Osteopathy in the Cranial Field
The origin of cranial osteopathy as an extension of other types of osteopathic manipulative treatment is credited to William G. Sutherland, DO, a student of Dr. Still. The moment of its origination was when young Dr. Sutherland, walked past a model of a disarticulated skull in 1899 at the American School of Osteopathy, and “like a blinding flash of light came the thought—bevelled like the gills of a fish and indicating articular mobility for a respiratory mechanism.”23
This began his study and development of cranial osteopathy. He later wrote that he was merely following Dr. Still’s advice to dig on as Dr. Still earlier wrote, “the cerebrospinal fluid is the highest known element that is contained in the human body, and unless the brain furnishes the fluid in abundance a disabled condition of the body will remain,” and mandated that, “this great river of life must be tapped and the withering field irrigated at once, or the harvest of health be forever lost.”3 Dr. Sutherland devised mechanisms to create dysfunction in his own cranium, studied the effects it would have, and then developed treatments to resolve them. He wrote The Cranial Bowl in 1939 and taught the cranial concept to interested physicians from 1940 to 1953.24
The cranial concept was a development of the mechanical principles of the cranial motion combined with the motion of the cerebrospinal fluid and the relationship of both to respiration. The combination of all three of these aspects he combined as the primary respiratory mechanism. Dr. Sutherland elucidated five fundamental principles of the cranial concept: (1) the fluctuation of the cerebrospinal fluid, (2) the function of the reciprocal tension membrane, (3) the motility of the neural tube, (4) the articular mobility of the cranial bones, and (5) the involuntary mobility of the sacrum between the ilia. Fundamentally, this concept states that primary respiration, the fundamental metabolic cellular process of existence, is driven first intrinsically through the related components of the central nervous system including the cerebrospinal fluid. Although each aspect of the components of the primary respiratory mechanism have been studied in anatomic and physiologic detail,25 this overriding concept of the function of the primary respiratory mechanism remains elusive and falls somewhere between the domains of physiology and phenomenological epistemology.
While detailed explanations about the palpatory diagnostic findings are well beyond the purposes of this chapter, a cursory illustration of some of the aspects of this concept will be attempted here. The bones of the cranium develop embryologically as either membranous bone or cartilaginous bone depending on their location. In general, the bones of the base of the cranium, the basiocciput and the sphenoid and petrous temporal arise out of cartilage, whereas the temporal squamous, occipital squamous, parietal, early frontal bones arise out of membrane. These slowly approximate each other as development continues after birth until they interdigitate during late ossification and become sutures. These sutures are not fused, but are largely patent with dissectible connective tissue fibers, lymphatics, and occasional nerve fibers present. The patency of the sutures allows for motion and this has been recorded and documented. The motion that occurs at these sutures is reflective of a deeper motion that drives them, and the development of the articulations is a result of that motion. With fine palpation, it is possible to appreciate a subtle cyclical expansion and contraction of the cranium with a rate of 6 to 12 oscillations per minute and with a variable amplitude.26 This motion is first appreciated as a flexion and extension that occurs at the cranial base in the synchondrosis of the sphenoid and base of the occiput. Motion is distributed to the paired cranial bones of the temporal and parietal that articulate the cranial base, and flexion and extension then becomes internal and external rotation. This combination of motions—flexion, extension, internal and external rotation—translates into a palpatory experience of a rhythmic expansion and contraction of the cranium. This motion is intrinsic and primary, but is also associated with respiration and extends its influence to all the tissues of the body as inspiration is linked with external rotation of all the paired bones of the body and exhalation is linked with internal rotation of all the paired bones of the body.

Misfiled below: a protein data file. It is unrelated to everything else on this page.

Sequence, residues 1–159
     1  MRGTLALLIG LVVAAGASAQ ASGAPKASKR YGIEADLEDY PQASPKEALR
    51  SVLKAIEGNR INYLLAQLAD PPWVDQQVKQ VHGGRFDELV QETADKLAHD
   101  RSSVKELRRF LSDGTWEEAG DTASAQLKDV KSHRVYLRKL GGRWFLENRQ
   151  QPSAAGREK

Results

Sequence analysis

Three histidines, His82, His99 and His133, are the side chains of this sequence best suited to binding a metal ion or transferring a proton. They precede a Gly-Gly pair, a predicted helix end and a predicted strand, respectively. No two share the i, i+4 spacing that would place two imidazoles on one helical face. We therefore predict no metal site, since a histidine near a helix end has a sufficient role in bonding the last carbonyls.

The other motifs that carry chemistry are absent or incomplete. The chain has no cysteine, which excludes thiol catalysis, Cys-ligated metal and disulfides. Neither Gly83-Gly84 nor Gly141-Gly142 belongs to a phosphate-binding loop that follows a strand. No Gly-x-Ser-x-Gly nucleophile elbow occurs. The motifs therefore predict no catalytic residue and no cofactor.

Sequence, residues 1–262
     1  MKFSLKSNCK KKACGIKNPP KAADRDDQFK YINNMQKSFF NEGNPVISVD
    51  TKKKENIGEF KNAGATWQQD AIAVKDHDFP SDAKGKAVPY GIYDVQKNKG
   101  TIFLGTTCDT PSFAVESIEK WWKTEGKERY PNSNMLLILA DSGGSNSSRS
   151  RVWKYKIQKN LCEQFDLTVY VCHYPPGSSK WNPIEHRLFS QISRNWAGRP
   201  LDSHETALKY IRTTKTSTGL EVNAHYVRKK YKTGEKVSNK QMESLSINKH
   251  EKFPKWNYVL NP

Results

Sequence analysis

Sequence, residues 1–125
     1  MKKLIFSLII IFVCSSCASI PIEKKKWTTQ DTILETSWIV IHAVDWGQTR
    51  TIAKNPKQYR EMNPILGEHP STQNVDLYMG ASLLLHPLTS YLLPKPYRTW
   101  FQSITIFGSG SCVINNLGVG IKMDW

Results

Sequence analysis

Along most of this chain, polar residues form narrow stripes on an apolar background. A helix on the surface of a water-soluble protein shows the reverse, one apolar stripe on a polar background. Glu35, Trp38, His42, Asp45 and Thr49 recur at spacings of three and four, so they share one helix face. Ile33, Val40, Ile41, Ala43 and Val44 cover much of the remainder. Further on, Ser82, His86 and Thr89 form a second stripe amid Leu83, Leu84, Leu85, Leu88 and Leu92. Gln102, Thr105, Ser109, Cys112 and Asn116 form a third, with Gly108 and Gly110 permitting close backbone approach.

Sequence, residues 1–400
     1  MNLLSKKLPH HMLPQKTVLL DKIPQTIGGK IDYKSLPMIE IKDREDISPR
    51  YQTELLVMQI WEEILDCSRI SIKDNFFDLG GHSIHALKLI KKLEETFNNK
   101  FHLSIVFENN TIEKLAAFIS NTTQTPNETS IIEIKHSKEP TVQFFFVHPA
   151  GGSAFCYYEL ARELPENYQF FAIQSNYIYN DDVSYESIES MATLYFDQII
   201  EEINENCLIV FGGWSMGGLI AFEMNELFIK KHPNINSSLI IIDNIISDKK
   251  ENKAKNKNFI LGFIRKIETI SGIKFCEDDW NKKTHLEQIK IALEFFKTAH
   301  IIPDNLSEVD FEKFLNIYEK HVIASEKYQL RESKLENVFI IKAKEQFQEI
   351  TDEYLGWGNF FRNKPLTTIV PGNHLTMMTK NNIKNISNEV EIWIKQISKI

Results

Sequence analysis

Diagnosis of the cranial region involves a detailed appreciation of the motion of the primary respiratory mechanism including the different movements of the cranial bones and appreciation of the ways in which they can become dysfunctional. As in any other joint of the body, certain common patterns exist and are readily palpated by trained hands. Treatment of the cranial region follows principles that apply to osteopathic treatment of the rest of the body, namely treatments that are direct or indirect in their approach. Direct treatments gently engage the functional barriers to motion of the cranial bones and use respiration or voluntary muscular contraction, including respiration, as activating forces to restore normal function. Indirect treatments move the affected portion of the cranium away from the barrier and allow for intrinsic homeostatic balancing mechanisms, including respiration, to allow for spontaneous correction and restoration of normal function. Again, because the cranium is the home to the brain and brainstem, this action must be performed carefully and with great respect for the impact that treatment can have, not only on the cranium but also on the functioning of the entire organism.
(Stevan Walkowski DO, Robert Baker DO, in Pain Procedures in Clinical Practice (Third Edition), 2011)